Trade Report: California Exports Edge Lower

California’s export trade dipped in October, according to a Beacon Economics analysis of U.S. trade statistics released December 5 by the U.S. Census Bureau.

Foreign shipments by California businesses totaled $14.82 billion for the month, a nominal 2.6% decline from the $15.21 billion recorded in October 2016.

The state’s exports of manufactured goods fell 4.6% to $8.87 billion from $9.3 billion one year earlier. Exports of nonmanufactured goods (chiefly agricultural products and raw materials) ebbed slightly by 0.4% to $2.31 billion from $2.32 billion. Re-exports, meanwhile, rose by 1.7% to $3.65 billion from $3.59 billion.

California accounted for 10.9% of the nation’s overall merchandise export trade in October. Through the first nine months of 2017, the state’s exports are running 4.5% ahead of last year.

California Imports Rise

The U.S. Department of Commerce has determined that California was the state-of-destination for 18.6% of all U.S. merchandise imports in October, with a value of $39.72 billion, 5.2% higher than the $37.76 billion in imported goods in October 2016. Manufactured imports totaled $35.97 billion, up 3.2% from $34.87 billion last year. Non-manufactured imports in October were valued at $3.75 billion, fully 29.8% higher than the $2.87 billion recorded one year earlier.

A Closer Look at The Numbers

As always, Beacon Economics cautions against reading too much into month-to-month fluctuations in state export statistics, especially when focusing on specific commodities or destinations. Significant variations can occur as the result of unusual developments or exceptional one-off trades and may not be indicative of underlying trends. For that reason, Beacon Economics compares the latest three months for which data are available (i.e., August–October) with the corresponding period one year earlier.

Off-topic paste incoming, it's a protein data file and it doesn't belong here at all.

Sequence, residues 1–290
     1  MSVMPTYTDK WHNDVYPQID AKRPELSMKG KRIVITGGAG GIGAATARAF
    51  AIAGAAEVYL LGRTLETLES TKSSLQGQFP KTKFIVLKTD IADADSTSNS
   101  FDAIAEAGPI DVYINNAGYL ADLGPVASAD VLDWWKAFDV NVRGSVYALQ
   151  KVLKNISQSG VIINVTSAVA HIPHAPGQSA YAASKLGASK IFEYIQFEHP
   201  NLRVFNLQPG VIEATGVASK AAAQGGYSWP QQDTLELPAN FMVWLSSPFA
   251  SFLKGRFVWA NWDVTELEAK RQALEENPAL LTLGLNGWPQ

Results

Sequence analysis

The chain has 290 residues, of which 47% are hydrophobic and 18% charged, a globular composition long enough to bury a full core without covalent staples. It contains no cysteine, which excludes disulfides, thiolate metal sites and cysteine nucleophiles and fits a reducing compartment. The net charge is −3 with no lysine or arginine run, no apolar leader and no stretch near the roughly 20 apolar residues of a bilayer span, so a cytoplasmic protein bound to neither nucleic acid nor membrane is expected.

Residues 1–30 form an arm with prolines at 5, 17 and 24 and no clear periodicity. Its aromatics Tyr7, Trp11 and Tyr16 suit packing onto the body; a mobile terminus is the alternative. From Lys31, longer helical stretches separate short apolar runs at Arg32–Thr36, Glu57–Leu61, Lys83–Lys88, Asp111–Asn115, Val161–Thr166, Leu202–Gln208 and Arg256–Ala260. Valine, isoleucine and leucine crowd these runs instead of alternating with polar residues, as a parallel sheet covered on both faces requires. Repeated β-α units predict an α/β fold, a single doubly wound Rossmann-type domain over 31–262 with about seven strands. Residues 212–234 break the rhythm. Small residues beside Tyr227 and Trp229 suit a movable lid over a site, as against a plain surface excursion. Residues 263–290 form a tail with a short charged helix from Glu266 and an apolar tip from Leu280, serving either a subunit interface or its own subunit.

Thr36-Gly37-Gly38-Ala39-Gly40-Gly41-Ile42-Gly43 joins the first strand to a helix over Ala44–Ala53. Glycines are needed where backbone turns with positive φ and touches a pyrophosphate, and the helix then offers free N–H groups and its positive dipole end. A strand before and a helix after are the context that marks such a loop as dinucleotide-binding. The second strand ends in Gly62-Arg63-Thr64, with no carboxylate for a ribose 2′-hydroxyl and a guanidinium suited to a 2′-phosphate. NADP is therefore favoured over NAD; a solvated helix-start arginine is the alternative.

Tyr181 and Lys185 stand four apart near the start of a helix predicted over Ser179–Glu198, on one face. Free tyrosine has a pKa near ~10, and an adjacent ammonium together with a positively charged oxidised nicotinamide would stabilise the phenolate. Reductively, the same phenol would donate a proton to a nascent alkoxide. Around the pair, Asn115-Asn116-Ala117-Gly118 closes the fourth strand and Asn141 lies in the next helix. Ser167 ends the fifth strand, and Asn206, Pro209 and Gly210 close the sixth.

Leading Export Commodities

California’s merchandise exports during the year’s third quarter totaled $43.71 billion, a nominal gain of 1.7% from the $42.96 billion in the same period last year. Of the state’s 10 leading categories of exports, six saw increases.

On the plus side, shipments of Computer & Electronic Products (computers and peripherals; communication, audio, and video equipment; navigational controls; and electro-medical instruments) rose 3.4% to $11.51 billion from $11.13 billion. Exports of Non-Electrical Machinery (machinery for industrial, agricultural and construction uses as well as ventilation, heating, and air conditioning equipment) improved by 7.2% to $4.09 billion from $3.62 billion.

Chemical exports (including pesticides and fertilizers; pharmaceutical products; paints and adhesives; soap and cleaning products; and raw plastics, resins, and rubber) gained 3.4% to $3.52 billion from $3.4 billion. Exports of Electrical Equipment and Appliances grew by 1.8% to $1.81 billion from $1.78 billion. Exports of Fabricated Metal Products rose 1.9% to $1.09 billion from $1.07 billion. Waste & Scrap exports jumped by 26.1% to $1.07 billion from $892 million.

On the downside, the state’s exports of Transportation Equipment (automobiles, trucks, trains, boats, airplanes, and their parts) slipped from 7.2% to $4.76 billion from $5.13 billion. Shipments of Miscellaneous Manufactured Commodities (a catchall category of merchandise ranging from medical equipment to sporting goods) fell by 1.3% to $3.57 billion from $3.61 billion.